Most citrus oils are produced from the oil in the rinds of the fruit—but not neroli. Neroli oil comes from the blossoms of the bitter orange tree, giving it its delicate, floral scent. Blossoms are hand-picked and steam-distilled. And unlike other citrus oils, neroli is not phototoxic—meaning you can wear it out in the sun. Theraputically, neroli has analgesic and anti-inflammatory properties, and has been shown to reduce anxiety. Neroli has also shown antibacterial activity, especially when compared to standard antibiotics (specifically, against the bacterium Pseudomonas aeruginosa). We’ve also heard that it’s great for wrinkles, scars, and stretch marks, but haven’t been able to find any research supporting those claims yet. And if we’re being really honest, the number one reason we love it is that it smells amazing.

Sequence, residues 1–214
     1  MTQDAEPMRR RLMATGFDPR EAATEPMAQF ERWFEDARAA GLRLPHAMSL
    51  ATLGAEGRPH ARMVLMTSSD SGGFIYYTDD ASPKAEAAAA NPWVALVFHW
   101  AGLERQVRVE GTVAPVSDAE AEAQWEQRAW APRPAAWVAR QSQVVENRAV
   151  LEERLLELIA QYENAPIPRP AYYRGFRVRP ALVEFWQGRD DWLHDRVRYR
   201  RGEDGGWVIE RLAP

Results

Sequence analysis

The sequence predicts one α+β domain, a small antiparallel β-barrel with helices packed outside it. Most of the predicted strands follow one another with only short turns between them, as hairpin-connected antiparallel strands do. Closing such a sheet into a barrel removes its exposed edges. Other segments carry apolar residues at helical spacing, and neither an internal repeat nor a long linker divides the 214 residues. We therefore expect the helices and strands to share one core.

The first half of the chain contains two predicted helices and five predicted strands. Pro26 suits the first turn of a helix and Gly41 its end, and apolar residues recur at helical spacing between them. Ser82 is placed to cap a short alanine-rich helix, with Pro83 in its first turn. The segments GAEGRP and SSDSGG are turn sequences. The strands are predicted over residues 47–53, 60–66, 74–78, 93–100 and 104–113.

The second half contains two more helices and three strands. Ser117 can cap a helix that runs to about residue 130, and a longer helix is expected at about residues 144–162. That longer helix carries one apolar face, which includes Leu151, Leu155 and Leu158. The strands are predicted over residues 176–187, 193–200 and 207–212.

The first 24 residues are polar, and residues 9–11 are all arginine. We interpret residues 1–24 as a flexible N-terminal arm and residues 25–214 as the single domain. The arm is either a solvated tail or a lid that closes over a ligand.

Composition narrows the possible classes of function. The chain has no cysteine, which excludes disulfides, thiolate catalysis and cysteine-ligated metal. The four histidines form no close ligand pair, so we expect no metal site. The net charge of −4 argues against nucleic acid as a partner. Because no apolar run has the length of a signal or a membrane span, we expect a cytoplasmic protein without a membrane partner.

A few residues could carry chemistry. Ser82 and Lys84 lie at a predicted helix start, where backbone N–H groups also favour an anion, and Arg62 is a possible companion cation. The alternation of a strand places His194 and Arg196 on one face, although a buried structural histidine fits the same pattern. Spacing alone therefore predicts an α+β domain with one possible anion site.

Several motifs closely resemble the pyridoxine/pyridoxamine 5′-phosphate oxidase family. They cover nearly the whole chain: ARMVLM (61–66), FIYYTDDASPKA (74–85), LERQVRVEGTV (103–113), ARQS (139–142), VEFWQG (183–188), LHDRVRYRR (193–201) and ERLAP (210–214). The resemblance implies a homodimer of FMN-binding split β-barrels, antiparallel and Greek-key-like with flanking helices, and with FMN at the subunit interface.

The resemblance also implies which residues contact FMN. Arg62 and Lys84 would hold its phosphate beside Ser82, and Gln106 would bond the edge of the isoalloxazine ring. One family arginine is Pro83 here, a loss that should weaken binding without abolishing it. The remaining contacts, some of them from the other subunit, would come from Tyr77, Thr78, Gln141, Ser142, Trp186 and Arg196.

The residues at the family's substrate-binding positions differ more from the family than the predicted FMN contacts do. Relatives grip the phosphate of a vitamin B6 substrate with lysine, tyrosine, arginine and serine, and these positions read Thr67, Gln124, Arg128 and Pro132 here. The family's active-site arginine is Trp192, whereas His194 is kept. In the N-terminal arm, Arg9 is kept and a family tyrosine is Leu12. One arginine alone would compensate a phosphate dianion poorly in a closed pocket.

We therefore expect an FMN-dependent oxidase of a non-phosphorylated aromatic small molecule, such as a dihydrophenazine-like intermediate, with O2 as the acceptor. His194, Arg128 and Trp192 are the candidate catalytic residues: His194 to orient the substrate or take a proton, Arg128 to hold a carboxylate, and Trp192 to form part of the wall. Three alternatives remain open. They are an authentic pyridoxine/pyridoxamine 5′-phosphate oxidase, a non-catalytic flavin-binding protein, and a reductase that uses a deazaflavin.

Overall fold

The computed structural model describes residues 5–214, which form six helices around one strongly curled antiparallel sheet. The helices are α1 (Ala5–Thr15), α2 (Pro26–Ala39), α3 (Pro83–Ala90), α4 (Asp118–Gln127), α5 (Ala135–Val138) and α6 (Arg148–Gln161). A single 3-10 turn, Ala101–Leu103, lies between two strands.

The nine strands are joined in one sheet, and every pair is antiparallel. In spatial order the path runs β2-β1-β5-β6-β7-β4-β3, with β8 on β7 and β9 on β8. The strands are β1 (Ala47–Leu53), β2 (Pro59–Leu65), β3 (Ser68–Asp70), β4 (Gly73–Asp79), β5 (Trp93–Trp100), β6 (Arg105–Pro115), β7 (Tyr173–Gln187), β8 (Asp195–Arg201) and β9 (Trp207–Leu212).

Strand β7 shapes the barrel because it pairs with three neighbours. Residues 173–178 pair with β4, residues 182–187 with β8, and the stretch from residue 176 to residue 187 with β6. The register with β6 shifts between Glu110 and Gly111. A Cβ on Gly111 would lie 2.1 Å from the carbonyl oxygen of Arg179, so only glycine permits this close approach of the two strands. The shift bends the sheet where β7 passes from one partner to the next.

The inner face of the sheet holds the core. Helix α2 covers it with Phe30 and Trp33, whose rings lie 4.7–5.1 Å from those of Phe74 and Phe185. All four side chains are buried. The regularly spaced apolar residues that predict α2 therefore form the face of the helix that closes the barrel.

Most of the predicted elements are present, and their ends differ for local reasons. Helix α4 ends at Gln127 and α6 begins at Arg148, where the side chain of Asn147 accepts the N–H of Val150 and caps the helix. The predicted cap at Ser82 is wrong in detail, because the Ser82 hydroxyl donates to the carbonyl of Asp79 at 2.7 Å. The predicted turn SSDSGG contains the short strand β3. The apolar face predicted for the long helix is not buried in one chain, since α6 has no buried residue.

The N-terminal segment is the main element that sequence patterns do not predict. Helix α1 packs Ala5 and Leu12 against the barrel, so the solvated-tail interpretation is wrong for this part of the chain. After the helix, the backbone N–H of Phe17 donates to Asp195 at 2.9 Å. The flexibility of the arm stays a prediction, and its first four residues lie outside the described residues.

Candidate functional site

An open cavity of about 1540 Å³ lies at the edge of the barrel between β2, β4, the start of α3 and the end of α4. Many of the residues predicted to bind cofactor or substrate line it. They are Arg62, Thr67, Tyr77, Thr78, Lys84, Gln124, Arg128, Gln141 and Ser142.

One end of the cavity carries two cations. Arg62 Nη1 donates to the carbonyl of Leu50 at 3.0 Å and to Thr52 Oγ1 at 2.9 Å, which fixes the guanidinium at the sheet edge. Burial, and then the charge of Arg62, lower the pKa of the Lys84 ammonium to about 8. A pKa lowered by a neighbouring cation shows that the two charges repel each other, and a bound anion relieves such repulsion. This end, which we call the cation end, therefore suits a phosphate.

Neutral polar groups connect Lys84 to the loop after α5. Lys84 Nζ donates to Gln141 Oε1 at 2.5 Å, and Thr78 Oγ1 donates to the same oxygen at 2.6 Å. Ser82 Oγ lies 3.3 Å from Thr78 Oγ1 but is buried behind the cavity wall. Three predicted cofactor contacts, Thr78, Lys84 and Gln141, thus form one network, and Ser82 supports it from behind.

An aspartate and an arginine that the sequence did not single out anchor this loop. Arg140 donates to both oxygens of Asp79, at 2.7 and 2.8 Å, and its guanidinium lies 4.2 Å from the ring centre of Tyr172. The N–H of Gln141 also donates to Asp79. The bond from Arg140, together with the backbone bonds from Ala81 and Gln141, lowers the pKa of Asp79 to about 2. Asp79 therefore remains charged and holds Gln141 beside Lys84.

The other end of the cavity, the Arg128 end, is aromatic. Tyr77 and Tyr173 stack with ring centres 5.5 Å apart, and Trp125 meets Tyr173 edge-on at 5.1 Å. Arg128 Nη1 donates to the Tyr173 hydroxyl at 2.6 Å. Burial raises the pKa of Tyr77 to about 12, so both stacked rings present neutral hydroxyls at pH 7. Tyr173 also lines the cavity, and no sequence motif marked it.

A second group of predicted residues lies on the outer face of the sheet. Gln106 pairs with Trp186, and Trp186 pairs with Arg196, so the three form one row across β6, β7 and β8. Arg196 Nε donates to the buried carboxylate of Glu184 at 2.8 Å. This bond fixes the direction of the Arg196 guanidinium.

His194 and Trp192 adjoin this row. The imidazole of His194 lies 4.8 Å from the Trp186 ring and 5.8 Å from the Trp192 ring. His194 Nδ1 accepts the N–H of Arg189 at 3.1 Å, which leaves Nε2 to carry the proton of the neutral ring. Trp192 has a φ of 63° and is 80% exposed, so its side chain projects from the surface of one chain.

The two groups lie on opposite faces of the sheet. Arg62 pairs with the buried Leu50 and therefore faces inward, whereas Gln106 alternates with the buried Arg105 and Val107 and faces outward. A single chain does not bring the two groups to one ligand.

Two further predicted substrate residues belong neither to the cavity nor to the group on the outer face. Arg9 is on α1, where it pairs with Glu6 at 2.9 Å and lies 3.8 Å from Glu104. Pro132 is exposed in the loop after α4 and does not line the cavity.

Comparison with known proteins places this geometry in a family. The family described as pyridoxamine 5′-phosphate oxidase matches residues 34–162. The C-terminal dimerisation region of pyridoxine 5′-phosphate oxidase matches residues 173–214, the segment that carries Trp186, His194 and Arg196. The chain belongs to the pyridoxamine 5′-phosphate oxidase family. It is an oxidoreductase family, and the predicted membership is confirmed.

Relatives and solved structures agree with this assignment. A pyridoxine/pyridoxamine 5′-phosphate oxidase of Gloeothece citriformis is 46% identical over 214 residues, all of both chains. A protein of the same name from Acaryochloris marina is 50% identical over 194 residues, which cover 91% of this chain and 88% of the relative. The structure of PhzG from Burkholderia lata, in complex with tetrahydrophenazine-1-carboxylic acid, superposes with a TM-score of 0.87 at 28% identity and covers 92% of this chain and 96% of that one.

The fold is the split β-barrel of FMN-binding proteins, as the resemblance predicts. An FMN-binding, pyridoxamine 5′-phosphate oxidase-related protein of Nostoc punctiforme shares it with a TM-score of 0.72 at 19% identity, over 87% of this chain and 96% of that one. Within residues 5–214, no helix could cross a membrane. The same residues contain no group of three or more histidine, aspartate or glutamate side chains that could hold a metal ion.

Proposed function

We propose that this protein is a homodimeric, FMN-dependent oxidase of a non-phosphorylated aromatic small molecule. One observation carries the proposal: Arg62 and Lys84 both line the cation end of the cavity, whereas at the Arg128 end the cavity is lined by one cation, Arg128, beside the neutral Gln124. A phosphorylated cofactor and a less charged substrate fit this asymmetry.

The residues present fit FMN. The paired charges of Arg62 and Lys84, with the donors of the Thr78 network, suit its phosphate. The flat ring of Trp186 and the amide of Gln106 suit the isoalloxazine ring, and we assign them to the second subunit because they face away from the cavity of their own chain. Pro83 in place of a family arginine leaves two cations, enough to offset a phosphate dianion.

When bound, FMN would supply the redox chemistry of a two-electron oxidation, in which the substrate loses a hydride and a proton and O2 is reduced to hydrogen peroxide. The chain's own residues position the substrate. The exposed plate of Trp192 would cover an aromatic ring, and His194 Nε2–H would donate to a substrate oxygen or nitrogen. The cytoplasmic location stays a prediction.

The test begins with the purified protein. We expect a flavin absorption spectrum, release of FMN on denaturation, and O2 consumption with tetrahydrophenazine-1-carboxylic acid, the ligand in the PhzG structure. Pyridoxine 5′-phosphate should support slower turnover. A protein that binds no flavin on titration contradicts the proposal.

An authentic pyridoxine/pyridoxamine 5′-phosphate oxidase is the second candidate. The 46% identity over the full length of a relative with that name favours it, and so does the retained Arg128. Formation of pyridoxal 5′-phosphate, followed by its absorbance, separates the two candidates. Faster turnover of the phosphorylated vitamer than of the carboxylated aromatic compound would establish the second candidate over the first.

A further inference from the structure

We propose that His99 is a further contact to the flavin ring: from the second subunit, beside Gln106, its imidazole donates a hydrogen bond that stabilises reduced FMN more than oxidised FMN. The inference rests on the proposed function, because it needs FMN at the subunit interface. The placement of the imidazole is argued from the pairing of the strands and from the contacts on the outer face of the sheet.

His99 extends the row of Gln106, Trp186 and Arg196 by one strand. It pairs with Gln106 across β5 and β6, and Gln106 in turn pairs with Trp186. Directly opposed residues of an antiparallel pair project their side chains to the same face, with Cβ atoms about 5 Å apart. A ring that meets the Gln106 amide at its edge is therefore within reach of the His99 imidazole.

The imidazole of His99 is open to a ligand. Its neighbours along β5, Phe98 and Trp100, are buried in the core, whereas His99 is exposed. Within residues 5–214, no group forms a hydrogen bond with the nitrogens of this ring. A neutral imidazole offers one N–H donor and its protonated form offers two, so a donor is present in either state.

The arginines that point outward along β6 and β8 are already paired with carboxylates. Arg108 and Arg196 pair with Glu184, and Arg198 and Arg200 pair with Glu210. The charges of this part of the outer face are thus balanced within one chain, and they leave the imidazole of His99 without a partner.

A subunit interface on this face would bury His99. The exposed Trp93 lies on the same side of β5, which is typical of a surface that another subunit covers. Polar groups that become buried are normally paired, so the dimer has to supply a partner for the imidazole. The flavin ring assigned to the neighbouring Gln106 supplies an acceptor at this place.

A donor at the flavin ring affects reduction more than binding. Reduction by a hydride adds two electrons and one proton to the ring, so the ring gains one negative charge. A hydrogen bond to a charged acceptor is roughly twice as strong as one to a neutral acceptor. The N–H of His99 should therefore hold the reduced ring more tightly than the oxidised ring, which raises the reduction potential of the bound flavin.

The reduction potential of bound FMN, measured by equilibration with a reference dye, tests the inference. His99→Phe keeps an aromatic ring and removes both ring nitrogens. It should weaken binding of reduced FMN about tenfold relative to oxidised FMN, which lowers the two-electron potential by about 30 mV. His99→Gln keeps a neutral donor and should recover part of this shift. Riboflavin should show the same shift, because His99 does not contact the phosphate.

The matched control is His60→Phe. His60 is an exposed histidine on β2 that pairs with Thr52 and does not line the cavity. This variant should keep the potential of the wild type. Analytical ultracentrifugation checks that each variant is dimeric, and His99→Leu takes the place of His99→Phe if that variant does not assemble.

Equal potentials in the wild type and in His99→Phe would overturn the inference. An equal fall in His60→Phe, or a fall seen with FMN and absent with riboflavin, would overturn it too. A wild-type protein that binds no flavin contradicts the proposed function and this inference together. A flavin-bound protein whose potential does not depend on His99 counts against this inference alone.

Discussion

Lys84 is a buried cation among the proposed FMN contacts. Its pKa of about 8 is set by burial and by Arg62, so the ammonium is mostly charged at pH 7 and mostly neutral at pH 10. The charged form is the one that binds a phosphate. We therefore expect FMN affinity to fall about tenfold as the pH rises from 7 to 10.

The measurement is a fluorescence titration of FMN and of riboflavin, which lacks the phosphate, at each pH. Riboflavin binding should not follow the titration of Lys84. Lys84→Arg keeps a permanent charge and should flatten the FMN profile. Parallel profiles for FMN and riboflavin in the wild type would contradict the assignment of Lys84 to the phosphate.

Find it in:
 Carvalho-Freitas, Maria Isabel Roth, and Mirtes Costa. "Anxiolytic and sedative effects of extracts and essential oil from Citrus aurantium L." Biological and Pharmaceutical Bulletin 25.12 (2002): 1629-1633.
 Ammar, A. H., Bouajila, J., Lebrihi, A., Mathieu, F., Romdhane, M., & Zagrouba, F. (2012). Chemical Composition and in vitro Antimicrobial and Antioxidant Activities of Citrus aurantium L. Flowers Essential Oil (Neroli Oil). Pakistan Journal of Biological Sciences, 15(21), 1034-1040. doi:10.3923/pjbs.2012.1034.1040